As a graduate student at Harvard in the mid-1990s, I participated in research studies carried out by the psychology department that began in October 1996 and continued until August 2005 to interview adults who had experience sexual abuse as children and learn what effects the abuse had had on their lives. Although I was sure I knew what I would discover—that the abuse would be remembered as a horrible experience that overwhelmed the people I interviewed with fear when it happened and had always been viewed as a traumatizing occurrence—what I heard in the hundreds of interviews I conducted was quite different. In nearly all the cases, the adults I questioned had not experienced the abuse as traumatic when it occurred and only came to regard it as so years later. And in many of the cases, they had never been questioned about their evolving sense of the abuse and the ongoing impact that it had on their lives, but only about what the traumatic experience had been like at the time. These findings led me to question the progress professionals in the sexual abuse field have made when it comes to understanding and treating child sexual abuse.
Certainly we have advanced to the point that the right things are being said (sexual abuse is common and harmful; it is never the child’s fault). Funding in the trauma field has been secured, research conducted, studies and books published, treatment centers established, and public awareness raised through sex-education programs and campaigns in the media. But is any of it translating into actual progress for victims? Do they feel that they’re being helped, that they’re understood and their needs are being served effectively?
The trauma model’s main purpose—one of the primary reasons why mental health professionals welcomed it with such enthusiasm in the 1980s—was to provide an explanation for how and why sexual abuse wreaks such psychological and social havoc in victims. Armed with a better understanding of the impact of abuse, mental health professionals hoped to be better able to help victims cope with and recover from these damaging crimes.
The problem is that today, after more than twenty-five years, predictions based on the trauma model have not proved accurate. Characteristics of the sexual abuse experience related to trauma (like how frightening it was, whether penetration or force was involved, and how many times it happened) do not do a good job of forecasting the level of long-term psychological harm experienced. There appears to be no direct, linear relationship between the severity of the abuse and the psychosocial difficulties victims experience in adulthood. Worst of all, we have developed no clearly effective treatments for sexual abuse victims. They continue to suffer from psychological and social problems in the aftermath of their abuse, and mental health professionals still have not reached a consensus as to exactly why or what precisely to do to help them recover.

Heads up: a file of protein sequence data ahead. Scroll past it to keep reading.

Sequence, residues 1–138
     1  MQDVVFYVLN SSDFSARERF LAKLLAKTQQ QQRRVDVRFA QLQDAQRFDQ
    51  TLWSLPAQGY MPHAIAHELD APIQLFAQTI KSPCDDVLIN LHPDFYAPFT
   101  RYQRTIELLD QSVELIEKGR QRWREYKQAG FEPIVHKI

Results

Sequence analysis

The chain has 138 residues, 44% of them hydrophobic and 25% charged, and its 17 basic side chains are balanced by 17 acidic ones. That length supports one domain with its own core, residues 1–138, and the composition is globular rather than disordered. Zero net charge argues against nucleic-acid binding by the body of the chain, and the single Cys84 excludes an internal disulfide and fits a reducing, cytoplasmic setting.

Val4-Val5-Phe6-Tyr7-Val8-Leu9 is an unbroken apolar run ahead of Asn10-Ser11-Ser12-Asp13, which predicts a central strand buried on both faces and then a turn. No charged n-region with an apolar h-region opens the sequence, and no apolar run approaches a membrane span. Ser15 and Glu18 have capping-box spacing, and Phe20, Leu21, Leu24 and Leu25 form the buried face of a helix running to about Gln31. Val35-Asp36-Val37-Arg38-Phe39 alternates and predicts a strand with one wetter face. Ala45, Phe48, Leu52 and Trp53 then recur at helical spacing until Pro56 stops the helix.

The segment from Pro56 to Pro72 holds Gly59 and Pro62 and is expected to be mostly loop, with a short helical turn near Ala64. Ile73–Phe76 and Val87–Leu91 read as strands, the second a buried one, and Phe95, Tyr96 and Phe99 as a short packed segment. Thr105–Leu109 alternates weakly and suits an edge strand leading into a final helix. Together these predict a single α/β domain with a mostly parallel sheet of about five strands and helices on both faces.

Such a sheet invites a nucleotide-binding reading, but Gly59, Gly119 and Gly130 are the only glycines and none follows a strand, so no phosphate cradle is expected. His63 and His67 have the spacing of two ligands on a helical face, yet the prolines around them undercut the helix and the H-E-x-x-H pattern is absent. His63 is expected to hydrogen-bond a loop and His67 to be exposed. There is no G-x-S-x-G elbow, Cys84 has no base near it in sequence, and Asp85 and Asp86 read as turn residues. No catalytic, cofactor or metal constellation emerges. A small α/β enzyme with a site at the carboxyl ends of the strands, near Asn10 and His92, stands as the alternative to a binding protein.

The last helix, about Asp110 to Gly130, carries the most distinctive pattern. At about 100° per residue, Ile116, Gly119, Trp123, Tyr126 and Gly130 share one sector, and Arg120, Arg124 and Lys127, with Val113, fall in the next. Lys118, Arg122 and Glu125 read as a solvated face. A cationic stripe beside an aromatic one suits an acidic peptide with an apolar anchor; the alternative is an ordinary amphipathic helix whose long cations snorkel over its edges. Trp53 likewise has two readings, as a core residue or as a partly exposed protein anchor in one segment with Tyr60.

This state of affairs is far from surprising. How can trauma be the cause of harm if most victims say that the abuse was not traumatic when it happened? A growing number of scholars in the sexual abuse field are coming to agree that understanding how and why sexual abuse damages victims probably has little to do with the actual abuse and a lot to do with what happens in its aftermath. For example, as David Finkelhor concluded in his recent book Childhood Victimization, continuing research efforts that seek to track the consequences of early events through developmental, cognitive, and behavioral pathways may prove more fruitful than continuing the restrictive focus on the severity and nature of event-specific trauma. I believe that the victims themselves have always known this.
Jen was a sixty-five-year-old, divorced, retired administrative assistant. A tall, big-boned redhead with long purple fingernails, she was up front about lots of things. She did not like the coffee I gave her, my office was too cold, and she did not like the color of my hair. We were at the part of the interview when I asked her to rate how traumatic her abuse had been when it occurred. She did not like the questions I asked.